From Issue: 499 [Read full issue]
Kindness to Animals
Kind treatment and tender-heartedness was meted out to animals by the Islamic State and other welfare institutions of Islamic Civilization. Umar ibn Abd al-Aziz issued instructions to the common people not to cause animals hardship nor trouble them, but to treat them kindly. The law in this regard was as follows: "People should not be allowed to load their animals with loads heavier than their capacity, nor can they be permitted to goad them to great speed when they are carrying heavy loads. They should be made to desist from beating them. All these practices are against the Islamic Shariah. It is the duty of the owners of the animals to be God-fearing in the matter of their feed. The fodder should be enough to fully satisfy the animal's hunger. It should be neither of a poor quality nor meagre in quantity."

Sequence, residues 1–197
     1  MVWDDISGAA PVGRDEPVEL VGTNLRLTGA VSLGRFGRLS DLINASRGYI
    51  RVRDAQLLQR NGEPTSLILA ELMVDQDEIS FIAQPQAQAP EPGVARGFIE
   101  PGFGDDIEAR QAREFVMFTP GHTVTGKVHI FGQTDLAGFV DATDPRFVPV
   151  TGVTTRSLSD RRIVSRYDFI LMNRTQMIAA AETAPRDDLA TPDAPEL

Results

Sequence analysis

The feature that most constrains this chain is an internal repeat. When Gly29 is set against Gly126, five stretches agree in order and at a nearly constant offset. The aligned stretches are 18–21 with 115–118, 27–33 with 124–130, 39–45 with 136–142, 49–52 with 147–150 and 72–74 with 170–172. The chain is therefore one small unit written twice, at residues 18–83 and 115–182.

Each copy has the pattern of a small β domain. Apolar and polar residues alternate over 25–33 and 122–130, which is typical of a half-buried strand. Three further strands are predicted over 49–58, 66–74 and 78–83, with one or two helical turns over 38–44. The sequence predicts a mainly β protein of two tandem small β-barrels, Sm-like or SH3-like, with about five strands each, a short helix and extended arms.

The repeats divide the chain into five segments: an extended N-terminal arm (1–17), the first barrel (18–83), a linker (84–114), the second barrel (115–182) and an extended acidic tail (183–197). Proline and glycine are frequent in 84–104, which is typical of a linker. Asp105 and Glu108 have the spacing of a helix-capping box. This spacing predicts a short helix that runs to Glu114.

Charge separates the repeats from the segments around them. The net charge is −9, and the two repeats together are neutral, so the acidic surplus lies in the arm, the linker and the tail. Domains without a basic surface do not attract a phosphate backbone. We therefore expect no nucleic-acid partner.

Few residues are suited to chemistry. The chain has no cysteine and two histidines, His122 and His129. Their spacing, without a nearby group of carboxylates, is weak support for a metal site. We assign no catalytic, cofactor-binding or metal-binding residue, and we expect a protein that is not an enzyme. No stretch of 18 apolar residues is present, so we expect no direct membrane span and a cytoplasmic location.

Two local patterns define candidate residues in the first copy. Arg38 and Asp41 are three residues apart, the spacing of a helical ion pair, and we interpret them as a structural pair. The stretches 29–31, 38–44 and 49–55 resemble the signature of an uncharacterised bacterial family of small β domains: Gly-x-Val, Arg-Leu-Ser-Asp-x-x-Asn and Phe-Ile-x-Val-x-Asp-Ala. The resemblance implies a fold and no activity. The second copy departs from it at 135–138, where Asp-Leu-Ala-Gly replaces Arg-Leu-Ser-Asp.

A very charming example of such kind treatment of animals is that presented by a high-ranking Companion - Abu al-Darda. At the time of his death he said to his camel, "O my camel! Do not quarrel with me before our Lord and Cherisher, for I never made you work beyond your capacity." There was another companion by the name Adi ibn Hatim who crushed the bread into fine powder for the ants and said, "These are our neighbours, therefore they have a right over us." The great Imam Abu Ishaq al-Shirazi was one day going along with his friends when a dog confronted him. Its master tried to drive it away from his path, but the Imam prevented him from doing so, saying, "Do you not know that the roads are common between us humans and dogs."
"The Islamic Civilization" - Mustafa Sibai, pp. 127-129